Why Jews of Color Are Gathering as a Family This Weekend

This weekend, Jews of Color, their families and allies across the world will log on for a trailblazing virtual Shabbaton under the umbrella of the JOC Mishpacha Project. Encompassing everything from prayer to mindfulness to educational talks, the Shabbaton is spearheaded by Dr. Harriette Wimms, a Baltimore-based psychologist, organizer and soon to be ordained Kohenet Priestess. In the midst of her busy weeks preparing for the event, Dr. Wimms hopped on the phone with Lilith’s Sarah Seltzer to talk about her vision, her plans and the spiritual significance of this gathering.

SMS: You have a lot of responsibilities! What made you decide to found this new organization and event on top of everything you do?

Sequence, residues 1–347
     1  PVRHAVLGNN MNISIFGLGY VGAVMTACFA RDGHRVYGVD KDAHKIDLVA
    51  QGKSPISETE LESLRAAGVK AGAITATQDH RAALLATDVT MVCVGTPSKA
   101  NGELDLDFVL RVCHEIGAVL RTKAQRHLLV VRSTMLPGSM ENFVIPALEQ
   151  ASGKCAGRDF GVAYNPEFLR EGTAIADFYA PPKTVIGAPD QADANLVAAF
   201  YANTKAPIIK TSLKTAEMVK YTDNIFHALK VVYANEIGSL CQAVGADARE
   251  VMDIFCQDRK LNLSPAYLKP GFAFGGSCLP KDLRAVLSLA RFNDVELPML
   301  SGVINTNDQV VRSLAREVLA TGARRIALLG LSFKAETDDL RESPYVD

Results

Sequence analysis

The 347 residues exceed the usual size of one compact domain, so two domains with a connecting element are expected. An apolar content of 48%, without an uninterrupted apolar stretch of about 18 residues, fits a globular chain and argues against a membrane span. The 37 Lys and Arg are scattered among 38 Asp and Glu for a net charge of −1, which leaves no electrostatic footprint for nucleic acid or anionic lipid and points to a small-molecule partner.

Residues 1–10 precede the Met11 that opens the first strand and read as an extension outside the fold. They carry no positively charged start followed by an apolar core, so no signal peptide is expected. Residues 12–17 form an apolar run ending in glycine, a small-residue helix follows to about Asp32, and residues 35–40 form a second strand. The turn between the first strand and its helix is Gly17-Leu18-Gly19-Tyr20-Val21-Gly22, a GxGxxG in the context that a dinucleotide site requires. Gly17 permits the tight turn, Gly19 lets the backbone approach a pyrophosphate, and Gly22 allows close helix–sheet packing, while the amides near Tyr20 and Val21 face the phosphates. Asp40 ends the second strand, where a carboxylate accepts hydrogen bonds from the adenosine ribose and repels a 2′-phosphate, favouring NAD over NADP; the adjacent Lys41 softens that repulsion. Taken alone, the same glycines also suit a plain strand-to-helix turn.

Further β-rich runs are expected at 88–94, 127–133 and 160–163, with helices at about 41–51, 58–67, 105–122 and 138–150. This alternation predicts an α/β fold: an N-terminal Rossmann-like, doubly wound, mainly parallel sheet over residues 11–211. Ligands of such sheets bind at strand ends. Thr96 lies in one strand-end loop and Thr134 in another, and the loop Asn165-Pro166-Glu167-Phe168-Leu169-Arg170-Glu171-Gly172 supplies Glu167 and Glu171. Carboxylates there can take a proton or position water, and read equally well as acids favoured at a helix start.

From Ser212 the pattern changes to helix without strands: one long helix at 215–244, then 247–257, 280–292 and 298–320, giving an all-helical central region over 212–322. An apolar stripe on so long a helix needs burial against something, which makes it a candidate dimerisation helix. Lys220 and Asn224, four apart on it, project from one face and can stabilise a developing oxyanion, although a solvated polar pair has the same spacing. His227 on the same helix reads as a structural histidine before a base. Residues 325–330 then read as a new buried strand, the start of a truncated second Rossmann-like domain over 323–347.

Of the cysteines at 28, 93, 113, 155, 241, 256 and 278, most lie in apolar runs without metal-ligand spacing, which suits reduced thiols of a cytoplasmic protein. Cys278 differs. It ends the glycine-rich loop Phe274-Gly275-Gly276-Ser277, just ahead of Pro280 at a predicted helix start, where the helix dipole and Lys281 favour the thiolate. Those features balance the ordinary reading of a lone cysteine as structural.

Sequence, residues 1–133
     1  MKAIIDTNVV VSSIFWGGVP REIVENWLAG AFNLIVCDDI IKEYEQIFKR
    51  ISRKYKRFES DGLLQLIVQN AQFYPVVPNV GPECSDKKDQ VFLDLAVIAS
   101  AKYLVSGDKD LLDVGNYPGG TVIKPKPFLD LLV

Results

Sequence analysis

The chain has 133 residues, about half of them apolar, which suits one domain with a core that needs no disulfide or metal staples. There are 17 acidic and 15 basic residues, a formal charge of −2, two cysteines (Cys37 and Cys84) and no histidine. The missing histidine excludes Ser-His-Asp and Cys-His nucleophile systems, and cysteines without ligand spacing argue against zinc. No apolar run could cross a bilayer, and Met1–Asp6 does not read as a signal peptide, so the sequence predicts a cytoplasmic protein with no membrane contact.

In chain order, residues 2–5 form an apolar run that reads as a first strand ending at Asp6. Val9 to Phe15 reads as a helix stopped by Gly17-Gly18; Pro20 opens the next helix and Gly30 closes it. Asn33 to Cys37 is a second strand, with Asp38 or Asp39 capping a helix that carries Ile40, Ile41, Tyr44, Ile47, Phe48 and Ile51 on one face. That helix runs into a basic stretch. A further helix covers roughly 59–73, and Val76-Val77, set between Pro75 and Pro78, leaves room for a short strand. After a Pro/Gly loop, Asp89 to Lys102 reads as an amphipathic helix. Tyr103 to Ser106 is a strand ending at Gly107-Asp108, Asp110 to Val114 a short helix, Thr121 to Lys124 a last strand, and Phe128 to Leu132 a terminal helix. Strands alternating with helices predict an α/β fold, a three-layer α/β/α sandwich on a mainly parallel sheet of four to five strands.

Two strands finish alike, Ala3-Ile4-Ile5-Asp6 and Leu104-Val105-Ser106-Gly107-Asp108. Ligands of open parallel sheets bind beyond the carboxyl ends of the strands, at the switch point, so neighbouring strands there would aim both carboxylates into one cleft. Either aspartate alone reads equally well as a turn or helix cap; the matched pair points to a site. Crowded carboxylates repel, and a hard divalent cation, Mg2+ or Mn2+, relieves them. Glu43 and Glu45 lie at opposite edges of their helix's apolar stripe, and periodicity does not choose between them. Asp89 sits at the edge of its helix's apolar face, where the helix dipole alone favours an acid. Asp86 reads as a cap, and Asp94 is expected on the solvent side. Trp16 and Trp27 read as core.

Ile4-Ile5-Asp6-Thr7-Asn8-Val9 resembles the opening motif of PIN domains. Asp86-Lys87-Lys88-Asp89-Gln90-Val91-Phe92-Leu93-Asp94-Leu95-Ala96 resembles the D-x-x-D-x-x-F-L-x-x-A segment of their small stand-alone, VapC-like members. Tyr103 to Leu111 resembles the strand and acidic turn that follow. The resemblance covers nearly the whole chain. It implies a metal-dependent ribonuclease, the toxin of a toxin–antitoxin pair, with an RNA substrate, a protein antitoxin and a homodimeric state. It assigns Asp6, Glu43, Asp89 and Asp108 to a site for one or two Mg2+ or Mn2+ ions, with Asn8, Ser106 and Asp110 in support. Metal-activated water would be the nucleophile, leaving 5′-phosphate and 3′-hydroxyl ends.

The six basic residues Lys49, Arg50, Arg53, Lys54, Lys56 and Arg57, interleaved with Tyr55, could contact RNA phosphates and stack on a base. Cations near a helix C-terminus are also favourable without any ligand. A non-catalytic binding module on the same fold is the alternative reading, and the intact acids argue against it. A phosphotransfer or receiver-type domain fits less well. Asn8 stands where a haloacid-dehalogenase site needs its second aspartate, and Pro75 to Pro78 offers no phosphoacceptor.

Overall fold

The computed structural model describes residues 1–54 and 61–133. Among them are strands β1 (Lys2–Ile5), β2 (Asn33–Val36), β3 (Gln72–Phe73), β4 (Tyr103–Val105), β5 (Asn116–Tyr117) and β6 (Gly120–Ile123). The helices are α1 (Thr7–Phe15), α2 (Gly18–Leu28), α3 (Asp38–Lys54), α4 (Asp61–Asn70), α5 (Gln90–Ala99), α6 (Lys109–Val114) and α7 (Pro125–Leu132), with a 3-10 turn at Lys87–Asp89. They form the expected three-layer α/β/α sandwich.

HW: I have been calling myself an accidental leader. I already have two full-time jobs. I’m a professor at two universities and I’m a psychologist with my own private practice. I had previously started a Jews Of Color chavurah at my synagogue in Baltimore, and I had been looking forward to connecting with Jews of Color. And when Ilana Kaufman, the director of Jews of Color Initiative, came to Baltimore in January 2020. At that event I saw more Jews of Color in one room than I’d ever seen before. I said to the room, “There are so many of your here, and I don’t know you. But we’re family. Let’s get together!” I will be grateful forever to Ms. Kaufman for saying to Baltimore, “Jews of Color count!”  Seeing so many of my kin in that room made me feel like I have to do something. We’re all right here–yet we’ve all had those othering experiences in Jewish spaces. I wanted to build a space that was centered on our belonging.